A crane at a Related Group project in Fort Lauderdale went down later on Sunday, Perez said.
Officials with developer The Related Group told the Sun-Sentinel the crane collapse caused no injuries and did not appear to damage anything else.
As Irma approached last week, Miami officials said 20 to 25 construction cranes were up across the city and that they were created to withstand winds of 145 miles per hour (235 kph). The tower cranes with a boom on top are created to spin like weather vanes, so they should be stable if Irma strikes, Whiteman said.
"At the moment, the water on the bay has completely left, so it just looks like ... a mud pile just everywhere all over, and what they're all saying is that's all going to flood Miami, but then it's going to surge back", he said. It's one of two-dozen in the city.
The building's construction was expected to be completed by the end of this year, according to the Miami New Times - but that was before Hurricane Irma struck Florida. Only a few companies are certified to do that kind of work, said Dan Whiteman, vice chairman of Coastal Construction, who has 12 cranes in the Miami area. The shelter opens at 8 a.m. on Saturday and closes when the storm has passed, Baptist Health South said in a statement.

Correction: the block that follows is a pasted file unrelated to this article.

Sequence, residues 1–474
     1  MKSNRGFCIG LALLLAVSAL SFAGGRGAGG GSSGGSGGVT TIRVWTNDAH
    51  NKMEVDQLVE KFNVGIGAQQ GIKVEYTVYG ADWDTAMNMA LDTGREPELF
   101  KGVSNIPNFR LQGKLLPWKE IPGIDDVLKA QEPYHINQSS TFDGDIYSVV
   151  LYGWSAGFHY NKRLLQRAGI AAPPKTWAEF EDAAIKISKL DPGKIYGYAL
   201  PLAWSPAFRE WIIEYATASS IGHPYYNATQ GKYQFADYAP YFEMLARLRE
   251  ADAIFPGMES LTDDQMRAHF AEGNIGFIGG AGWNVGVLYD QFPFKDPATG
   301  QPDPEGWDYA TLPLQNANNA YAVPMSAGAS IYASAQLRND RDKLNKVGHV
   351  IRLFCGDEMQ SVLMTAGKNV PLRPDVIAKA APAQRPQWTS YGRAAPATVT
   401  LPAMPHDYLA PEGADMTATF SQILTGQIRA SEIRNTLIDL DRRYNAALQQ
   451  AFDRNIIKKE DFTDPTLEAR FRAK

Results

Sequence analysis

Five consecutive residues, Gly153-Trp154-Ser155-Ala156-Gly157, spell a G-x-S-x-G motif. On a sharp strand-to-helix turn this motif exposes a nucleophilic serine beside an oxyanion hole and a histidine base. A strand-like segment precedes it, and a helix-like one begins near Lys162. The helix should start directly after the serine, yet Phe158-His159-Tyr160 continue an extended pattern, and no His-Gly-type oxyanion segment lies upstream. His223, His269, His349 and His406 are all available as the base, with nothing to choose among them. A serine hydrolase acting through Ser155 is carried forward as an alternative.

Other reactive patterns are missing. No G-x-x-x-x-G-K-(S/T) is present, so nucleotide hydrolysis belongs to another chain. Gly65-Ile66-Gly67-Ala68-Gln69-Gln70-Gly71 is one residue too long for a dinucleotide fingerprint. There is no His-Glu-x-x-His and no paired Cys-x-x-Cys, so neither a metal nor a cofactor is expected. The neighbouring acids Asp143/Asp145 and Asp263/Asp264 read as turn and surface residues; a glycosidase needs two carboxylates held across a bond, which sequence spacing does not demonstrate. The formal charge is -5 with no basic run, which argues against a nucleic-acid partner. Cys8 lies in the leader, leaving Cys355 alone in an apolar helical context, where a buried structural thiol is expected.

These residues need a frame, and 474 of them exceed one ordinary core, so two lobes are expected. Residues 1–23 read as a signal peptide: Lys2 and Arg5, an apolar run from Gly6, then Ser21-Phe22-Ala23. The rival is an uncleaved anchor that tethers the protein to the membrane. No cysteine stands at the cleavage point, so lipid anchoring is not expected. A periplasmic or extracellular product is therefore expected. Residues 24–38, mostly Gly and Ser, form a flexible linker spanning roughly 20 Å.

Construction sites across Irma's potential path in Florida were locked down to remove or secure building materials, tools and debris that could be flung by Irma's winds.
After the collapse, the boom was partly dangling on the side of the building, attached to the crane tower by a cable, photos on Twitter showed.
So as Irma's winds and rain began to lash Florida's southernmost city, she hunkered in a borrowed apartment in the senior center where her husband Tim works, along with their granddaughter Sierra Costello, and dog Rocky. The employee captured video of the collapse.
Tower cranes are hundreds of feet tall, and their counterbalances can weigh as much as 30,000 pounds.